Thursday, 29 May 2014

Sweden , USA and nuclear fallout

As it recently came to light that the global fall in lung cancer rates seem to occur in pretty much every country around 1990 and even in countries that continue with very high smoking rates, like Russia for example, I thought I would revisit the start of the global lung cancer epidemic.


The cigarette hypothesis, as a cause of the global epidemic , goes that because cigarettes are believed to cause ~90% of lung cancers then it must follow that the massive rise in lung cancer after the second world war must have been caused by the massive rise in cigarette use 20 years before before the war. But I think that just because people classified as smokers are at higher risk of lung cancer than people classified as never-smokers it does not follow that cigarettes drive lung cancer rates, as is suggested by the chart on the left.



I have created charts, see below, similar to the one above for Sweden as well as the US because I just happen to know that the rise in cigarette use in Sweden took place a good 25 - 30 years after the US.  If the 20 year time lag between cigarette use and lung cancer is true then it should happen in Sweden 20 years later too. Except that it does nothing of the sort. Sweden gets it's lung cancer epidemic just after 1945  just as in the US.



Clearly both lung cancer epidemics start just after 1945 but on the second chart Sweden's cigarette 'epidemic' starts at the same time as it's lung cancer epidemic. Where as the US cigarette 'epidemic' starts decades before it's lung cancer epidemic?!?
It is possible that cigarettes could cause lung cancer in the year of purchase as in Sweden and it is possible that cigarettes could cause lung cancer decades later as in the US but what is improbable is that both are true.


View full screen



In my mind the fallout hypothesis holds a better explanation because it starts in 1945 (trinity tests) and ends around 1985 (see left) and would be a greater risk for people who smoke cigarettes. Because if say a single exposure to a rainout between 1945 and 1985 for a non-smoker carries an unbelievably small individual risk of lung cancer then those people sucking through rain splattered paper tubes will have a higher risk. But over time, billions  of people exposed en masse to rainouts over decades could cause millions of  lung cancers and the risk would be higher where it rains more, such as is seen in US counties.

Sunday, 18 May 2014

Tobacco control will make you fat before they kill you




An interesting but not unsurprising chart. Pretty much every smoker in the world knows that if you quit smoking you start to get chubby and generally non-smokers tend to be a lot more chubby compared to smokers. And that's not forgetting that smokers have marginally lower blood pressure than our non-smoking friends and becoming a quitter increases your risk of high blood pressure independent of weight gain, see below.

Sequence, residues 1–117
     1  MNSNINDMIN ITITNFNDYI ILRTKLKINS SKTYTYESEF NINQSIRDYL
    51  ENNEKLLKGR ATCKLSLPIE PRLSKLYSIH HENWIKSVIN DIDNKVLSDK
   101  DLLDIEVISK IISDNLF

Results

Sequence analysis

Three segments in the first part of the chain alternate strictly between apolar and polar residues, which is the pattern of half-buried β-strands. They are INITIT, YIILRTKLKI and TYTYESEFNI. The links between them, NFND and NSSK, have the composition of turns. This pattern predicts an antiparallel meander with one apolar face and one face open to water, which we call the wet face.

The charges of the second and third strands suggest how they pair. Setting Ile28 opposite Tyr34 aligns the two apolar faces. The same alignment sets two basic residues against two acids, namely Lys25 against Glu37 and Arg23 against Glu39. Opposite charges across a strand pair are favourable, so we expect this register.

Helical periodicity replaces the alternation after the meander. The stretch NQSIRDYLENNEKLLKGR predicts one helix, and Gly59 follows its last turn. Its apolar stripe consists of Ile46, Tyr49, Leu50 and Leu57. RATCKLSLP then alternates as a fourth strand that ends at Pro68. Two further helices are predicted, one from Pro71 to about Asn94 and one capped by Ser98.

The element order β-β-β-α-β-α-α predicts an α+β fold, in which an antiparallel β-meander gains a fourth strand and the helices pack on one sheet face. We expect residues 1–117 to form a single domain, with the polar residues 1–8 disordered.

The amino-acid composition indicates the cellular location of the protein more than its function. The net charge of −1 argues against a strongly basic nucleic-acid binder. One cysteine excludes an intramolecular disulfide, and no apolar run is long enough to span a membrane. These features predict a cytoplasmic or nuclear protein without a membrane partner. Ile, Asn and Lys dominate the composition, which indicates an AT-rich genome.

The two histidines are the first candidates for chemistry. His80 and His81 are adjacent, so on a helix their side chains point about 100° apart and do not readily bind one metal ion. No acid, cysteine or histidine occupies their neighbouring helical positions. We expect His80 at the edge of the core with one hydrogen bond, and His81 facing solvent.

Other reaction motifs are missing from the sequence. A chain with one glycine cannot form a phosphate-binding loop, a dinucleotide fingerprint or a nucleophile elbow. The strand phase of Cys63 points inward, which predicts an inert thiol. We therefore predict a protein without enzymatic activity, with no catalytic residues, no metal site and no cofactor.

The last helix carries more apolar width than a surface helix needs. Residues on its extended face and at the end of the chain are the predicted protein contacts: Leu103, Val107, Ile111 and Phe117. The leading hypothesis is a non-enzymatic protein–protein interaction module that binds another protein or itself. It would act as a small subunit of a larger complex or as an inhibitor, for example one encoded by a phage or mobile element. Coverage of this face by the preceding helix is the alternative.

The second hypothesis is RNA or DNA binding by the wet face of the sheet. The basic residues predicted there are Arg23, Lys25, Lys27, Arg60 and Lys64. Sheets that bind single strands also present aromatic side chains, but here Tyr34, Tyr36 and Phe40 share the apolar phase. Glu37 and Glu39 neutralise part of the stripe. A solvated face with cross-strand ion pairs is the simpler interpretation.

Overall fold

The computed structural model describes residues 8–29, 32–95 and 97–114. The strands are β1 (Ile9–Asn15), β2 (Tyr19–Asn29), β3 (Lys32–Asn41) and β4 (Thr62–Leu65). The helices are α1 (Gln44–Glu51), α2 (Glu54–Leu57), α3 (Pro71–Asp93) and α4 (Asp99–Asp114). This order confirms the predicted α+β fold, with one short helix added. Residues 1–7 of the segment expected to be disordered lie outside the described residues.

Given that we are told that tobacco kills 6 million people world wide and that obesity and high blood pressure kills 6 million people world wide (source VGIF) . It would seem that the merchants of death in the tobacco control industry are giving the merchants of death in the tobacco industry a run for their money.

The difference being that the merchants of death in the tobacco control industry want to make you fat and ugly before they kill you and you don't get to spend a life time enjoying smoking.

It will be interesting to see if e-cig users have increased risk of weight gain and high blood pressure, time will tell. In the mean time  I am sticking to lovely cigarettes.

Source BMJ (Published 28 June 2011)

Tuesday, 17 December 2013

Lung cancer and rain - is there a link?

I recently discovered that a down loadable weather map for the US exists and that it could be obtained as a shape file  . This is handy because a shape file of weather patterns is just the ticket if you just happen to want to compare precipitation data with X over time and space .

Saturday, 7 December 2013

Russians cure their lung cancer epidemic by smoking cigarettes

I remember reading somewhere once that Russia had seen a massive fall in lung cancer despite continuing with very high smoker prevalence. The point being that the tobacco control industry insists that lung cancer rates have fallen , in countries such as the US, due to the the fall in smoker prevalence but in Russia there was no tobacco control industry to speak of , they carried on smoking and their lung cancer rate went down anyway.

But the article I read did not actually show any data to back up this claim so I have had a look and sure enough it's all completely true.



SOURCE
 



Clearly, Russians are champion smokers 60.7 % of men and 21.7 % of women

SOURCE
 
I simply don't understand how anyone can look at these data and come to the conclusion that smoking prevalence drives lung cancer. Any objective analysis would conclude that what drives lung cancer in Russia probably drives lung cancer in the US too and it is not smoking rates . The theory that smoking is the main cause of lung cancer can not explain these data.


However, if we look at global lung cancer rates in the context of nuclear fallout then we find the two highly correlated. The theory that atomic weapons testing would cause lung cancer deaths as proposed by people such as John Gofman is not new but we now have decades of data to test the theory and the theory is holding up very well. And crucially nuclear fallout can explain why there was a 30 fold increase in lung cancer among people who have never smoked cigarettes  .




More on this from Frank Davis

Sunday, 19 August 2012

My chart vs CRUK chart


Source CRUK
The continuing rise of lung cancer in women reflects the high number of female smokers several decades ago when attitudes were different. Tobacco advertising hasn’t appeared on UK television since 1965, but that didn’t stop the marketing of cigarettes.- Jean King, director of tobacco control. (Cancer Research UK)